But, if you’re based in Real World rather than in Intense World, you might think that if the person cared enough to even try at all to do better, it wouldn’t keep happening. Therefore, they must not care, and might not even have normal human emotions at all. (Rather than getting easily overwhelmed by both their own and other people’s–picture a fictional overloaded empath rocking and clutching their head–and expressing things differently.) This is a distressingly common interpretation, and hey, I internalized it a lot. (See also “[L]ook who they are and how many of them are saying it.”.) Get some more information, and it doesn’t make a whit of sense.
Then enter the drama queen and weird manipulative assumptions, BTW. Before I found out what was really going on, and started doing a lot of work on mindfulness and emotional regulation, I’d have probably catastrophized like mad over screwing up yet again in spite of what seemed like superhuman effort not to. (Not an unintentional pun, either, since this was one of the things that made people think bipolar.) I’d have spent two or three days crying and feeling like some kind of unfeeling monster who was somehow totally unwilling to try not to hurt other people and usually had poor enough insight not even to know this was so (yeah, that makes very little internal sense, but I kept hearing “oversensitive”, “uncaring”, and “lack of insight” in the same freaking breath). Then I’d have avoided talking to anyone I didn’t know well for a couple of weeks–to avoid doing similar again–and might well have avoided the person I’d unintentionally insulted forever. I probably would have stayed away from Dreamwidth entirely for a while. Social avoidance? Nah!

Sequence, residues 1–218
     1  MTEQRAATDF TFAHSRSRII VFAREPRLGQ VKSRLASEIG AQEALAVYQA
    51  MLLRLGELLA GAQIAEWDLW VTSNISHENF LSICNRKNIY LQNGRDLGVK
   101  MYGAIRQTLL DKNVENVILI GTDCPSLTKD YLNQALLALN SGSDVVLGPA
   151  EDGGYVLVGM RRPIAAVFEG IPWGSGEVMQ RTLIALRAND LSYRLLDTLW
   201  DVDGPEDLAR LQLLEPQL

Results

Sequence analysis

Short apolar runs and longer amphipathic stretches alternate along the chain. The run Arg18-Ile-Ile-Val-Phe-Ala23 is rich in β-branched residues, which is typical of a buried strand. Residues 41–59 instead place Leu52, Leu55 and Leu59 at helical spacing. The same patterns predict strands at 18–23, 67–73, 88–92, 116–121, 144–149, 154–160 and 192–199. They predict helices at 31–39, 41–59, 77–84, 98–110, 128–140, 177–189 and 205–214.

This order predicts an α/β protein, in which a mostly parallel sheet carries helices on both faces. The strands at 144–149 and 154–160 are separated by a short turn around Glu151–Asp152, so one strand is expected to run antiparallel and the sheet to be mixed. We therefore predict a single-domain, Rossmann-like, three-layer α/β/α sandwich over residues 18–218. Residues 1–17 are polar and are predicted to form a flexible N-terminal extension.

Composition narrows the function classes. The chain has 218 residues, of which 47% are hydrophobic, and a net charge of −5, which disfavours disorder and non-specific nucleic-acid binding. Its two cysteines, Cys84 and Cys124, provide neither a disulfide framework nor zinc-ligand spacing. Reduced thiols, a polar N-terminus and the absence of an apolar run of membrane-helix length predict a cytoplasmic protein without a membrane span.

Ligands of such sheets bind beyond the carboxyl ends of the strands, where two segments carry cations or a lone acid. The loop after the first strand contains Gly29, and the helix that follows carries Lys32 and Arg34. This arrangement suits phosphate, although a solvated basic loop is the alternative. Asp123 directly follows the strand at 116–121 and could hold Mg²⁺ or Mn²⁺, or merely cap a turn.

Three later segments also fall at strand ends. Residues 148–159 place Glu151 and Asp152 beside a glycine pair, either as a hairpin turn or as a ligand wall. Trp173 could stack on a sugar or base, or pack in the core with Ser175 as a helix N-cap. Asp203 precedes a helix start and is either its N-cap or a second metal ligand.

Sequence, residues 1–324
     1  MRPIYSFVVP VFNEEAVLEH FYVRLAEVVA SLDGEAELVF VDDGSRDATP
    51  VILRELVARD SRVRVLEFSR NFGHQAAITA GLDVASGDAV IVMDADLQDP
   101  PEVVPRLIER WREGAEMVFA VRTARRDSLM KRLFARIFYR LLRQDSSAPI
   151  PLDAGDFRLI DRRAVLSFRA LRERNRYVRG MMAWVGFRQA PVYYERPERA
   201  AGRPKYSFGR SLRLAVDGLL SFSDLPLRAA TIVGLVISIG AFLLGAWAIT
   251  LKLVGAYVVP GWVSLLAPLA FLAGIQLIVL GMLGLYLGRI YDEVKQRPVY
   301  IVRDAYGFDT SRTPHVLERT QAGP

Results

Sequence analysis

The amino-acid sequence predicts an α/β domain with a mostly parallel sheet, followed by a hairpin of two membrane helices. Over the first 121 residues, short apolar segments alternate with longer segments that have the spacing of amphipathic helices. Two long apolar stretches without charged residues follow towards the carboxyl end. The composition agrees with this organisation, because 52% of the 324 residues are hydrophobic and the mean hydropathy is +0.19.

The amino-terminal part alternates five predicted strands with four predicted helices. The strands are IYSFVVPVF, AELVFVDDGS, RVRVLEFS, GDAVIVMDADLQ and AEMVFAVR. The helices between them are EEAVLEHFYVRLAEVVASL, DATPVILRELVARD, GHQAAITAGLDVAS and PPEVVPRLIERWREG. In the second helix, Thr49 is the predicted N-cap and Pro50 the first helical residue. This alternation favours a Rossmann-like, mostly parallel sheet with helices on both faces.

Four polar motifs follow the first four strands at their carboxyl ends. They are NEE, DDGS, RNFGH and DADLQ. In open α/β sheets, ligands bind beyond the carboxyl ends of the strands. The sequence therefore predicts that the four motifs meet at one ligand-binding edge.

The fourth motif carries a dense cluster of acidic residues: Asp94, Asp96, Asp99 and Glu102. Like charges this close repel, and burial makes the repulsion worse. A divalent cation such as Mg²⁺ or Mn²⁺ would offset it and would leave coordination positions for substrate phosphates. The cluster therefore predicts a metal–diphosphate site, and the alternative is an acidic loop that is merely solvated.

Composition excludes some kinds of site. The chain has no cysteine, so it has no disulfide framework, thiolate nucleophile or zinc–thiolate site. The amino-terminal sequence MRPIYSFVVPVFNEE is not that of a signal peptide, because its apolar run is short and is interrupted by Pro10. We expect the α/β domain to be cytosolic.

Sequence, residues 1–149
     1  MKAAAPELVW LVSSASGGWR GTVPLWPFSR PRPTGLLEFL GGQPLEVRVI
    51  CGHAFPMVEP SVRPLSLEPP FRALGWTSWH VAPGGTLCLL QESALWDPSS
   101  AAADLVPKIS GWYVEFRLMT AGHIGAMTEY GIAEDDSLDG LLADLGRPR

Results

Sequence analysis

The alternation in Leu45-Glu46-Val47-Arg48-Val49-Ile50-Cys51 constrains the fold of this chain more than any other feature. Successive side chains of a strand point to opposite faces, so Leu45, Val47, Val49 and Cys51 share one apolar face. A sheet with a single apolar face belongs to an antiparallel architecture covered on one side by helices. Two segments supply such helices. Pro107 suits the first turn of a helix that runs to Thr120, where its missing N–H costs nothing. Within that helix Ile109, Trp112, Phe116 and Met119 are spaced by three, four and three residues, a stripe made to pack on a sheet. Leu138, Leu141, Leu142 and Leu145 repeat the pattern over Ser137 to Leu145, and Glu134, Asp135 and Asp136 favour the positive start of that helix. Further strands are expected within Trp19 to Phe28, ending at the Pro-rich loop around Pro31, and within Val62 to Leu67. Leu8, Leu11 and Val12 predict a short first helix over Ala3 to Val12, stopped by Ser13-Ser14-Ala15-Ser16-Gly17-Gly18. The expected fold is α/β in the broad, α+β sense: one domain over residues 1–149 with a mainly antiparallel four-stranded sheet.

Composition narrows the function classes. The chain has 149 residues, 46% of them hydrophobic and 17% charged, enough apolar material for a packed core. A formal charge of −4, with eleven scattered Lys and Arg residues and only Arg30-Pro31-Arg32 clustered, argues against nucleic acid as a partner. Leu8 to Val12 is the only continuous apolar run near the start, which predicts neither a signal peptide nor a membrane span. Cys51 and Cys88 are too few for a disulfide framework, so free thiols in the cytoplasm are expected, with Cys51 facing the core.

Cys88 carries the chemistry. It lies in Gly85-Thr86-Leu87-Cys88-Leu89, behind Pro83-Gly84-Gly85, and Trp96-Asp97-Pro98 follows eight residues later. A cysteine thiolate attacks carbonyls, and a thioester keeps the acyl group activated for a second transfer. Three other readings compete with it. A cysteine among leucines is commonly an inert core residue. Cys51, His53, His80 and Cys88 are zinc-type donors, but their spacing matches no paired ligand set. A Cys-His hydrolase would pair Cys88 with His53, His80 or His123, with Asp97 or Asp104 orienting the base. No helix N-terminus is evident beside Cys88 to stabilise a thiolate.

I might have had a meltdown or two, besides the crying, and people around me would have quickly lost patience, having no way of understanding what was going on–and started getting really insulting and dismissive (which makes an already-overwhelmed person feel and act so much better). That might have led to further trouble with communication, and more crying and meltdowns. I didn’t even half-know what was going on, and felt pretty crazy myself.
Now, I still feel like crap about hurting someone’s feelings. But, I know why it keeps happening, even though I do try hard to do better. (And this particular incident was a fairly straightforward one, not very difficult to interpret at all.) The most important thing? Let the person know that you didn’t mean to hurt their feelings, try to make things right as far as possible, try to figure out how to avoid doing the exact same thing again in future, recognize that having a disability that makes you say and do stupid shit doesn’t mean you’re some kind of uniquely horrible person, and get on with things. That’s the best anybody can do.
The emotional shitstorm this particular incident set off before I got a grip on myself with mindfulness, with flashbacks to all kinds of similar incidents and the horrible assumptions and interpretations placed on them, helped suggest this as an illustration. Obviously not every autistic person in the world is going to have anything like the same experiences, but I suspect that this is a lot closer to what’s going on with a lot of us than Just Not Caring, and avoiding interaction because we, erm, don’t care about other people.
* Yeah, I have actually considered trying to take a version of that into SF/F, and try my hand at writing fiction again. In reality, it’s more like an area of the Otherworld that overlaps with what most people consider the Real World than like, say, Ringworld, but hey… This is the closest I get to the “wrong planet” meme–more like “same physical planet, only occasionally overlapping dimensions”.